All of which aligns him with Putin. In recent weeks, Orban has tried to cast himself as a neutral peacemaker in Ukraine, knowing that many Hungarians have long feared Russia. But he has mostly taken Putin’s side.
Hungary has not joined Western Europe’s efforts to provide Ukraine with weapons, and he has opposed efforts within the E.U. to ban the import of Russian energy. Ukraine’s president, Volodymyr Zelensky, yesterday described Orban as “virtually the only one in Europe to openly support Mr. Putin.”
Hungary has become the closest thing to a fifth column within NATO and the European Union. It is officially a Western democracy — yet effectively a Putin ally.
Read more about the election results in The Times’s coverage.
Serbia’s president, Aleksandar Vucic, has used both Putin and Orban as role models. After becoming president in 2017, Vucic helped turn Serbia’s once-independent media into something more akin to a propaganda machine. In recent months, it has aired rants by pro-Russian commentators and boosted Putin’s lies about Ukraine being a nest of Nazis, The Times’s Andrew Higgins wrote.
Serbia is not a member of either NATO or the E.U., and many of its citizens share Russia’s distrust of the West.
But the country is not strictly pro-Russia. Although Vucic has not imposed sanctions on Russia or suspended flights to Moscow, his government did vote in favor of a U.N. resolution condemning the invasion.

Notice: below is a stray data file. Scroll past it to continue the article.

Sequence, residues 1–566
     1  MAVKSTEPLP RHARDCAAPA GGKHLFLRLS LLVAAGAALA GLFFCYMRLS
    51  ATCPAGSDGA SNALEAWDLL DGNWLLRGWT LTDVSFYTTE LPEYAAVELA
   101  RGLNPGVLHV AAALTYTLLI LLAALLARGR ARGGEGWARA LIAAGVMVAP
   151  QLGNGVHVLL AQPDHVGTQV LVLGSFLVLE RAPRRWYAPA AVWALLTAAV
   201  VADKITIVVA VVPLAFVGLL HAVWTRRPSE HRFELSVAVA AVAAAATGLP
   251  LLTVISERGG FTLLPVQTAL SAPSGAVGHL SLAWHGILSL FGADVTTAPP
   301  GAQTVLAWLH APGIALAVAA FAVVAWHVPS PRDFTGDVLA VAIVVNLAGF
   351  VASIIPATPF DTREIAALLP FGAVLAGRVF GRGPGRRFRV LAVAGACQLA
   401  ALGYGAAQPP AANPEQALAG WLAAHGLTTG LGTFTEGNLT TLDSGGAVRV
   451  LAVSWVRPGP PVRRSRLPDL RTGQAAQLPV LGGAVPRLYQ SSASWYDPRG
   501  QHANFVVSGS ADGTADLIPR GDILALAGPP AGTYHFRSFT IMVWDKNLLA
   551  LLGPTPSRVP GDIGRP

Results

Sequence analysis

In yesterday’s election, voter turnout was high, but opposition politicians said that they were concerned about foul play. Vucic’s party is on track to keep its hold on Parliament, but with a reduced majority, exit polls indicated.
French voters will go to the polls for the first round of a presidential election on Sunday. If no candidate receives a majority — and none is likely to — a two-person runoff will take place two weeks later on April 24.
The favorite is the incumbent, Emmanuel Macron. But his lead in the polls is not huge, and the war in Ukraine seems to be hurting him. Inflation was already fairly high in Europe, as it is in much of the world, because of the pandemic. The war has caused prices to rise even further, mostly because of sanctions on Russian oil.
While Macron has focused on trying to find a diplomatic solution in Ukraine — and is failing, so far — his leading opponent has instead focused on the French economy, my colleague Roger Cohen explains in a preview of the election. That opponent is Marine Le Pen, a hard-right candidate.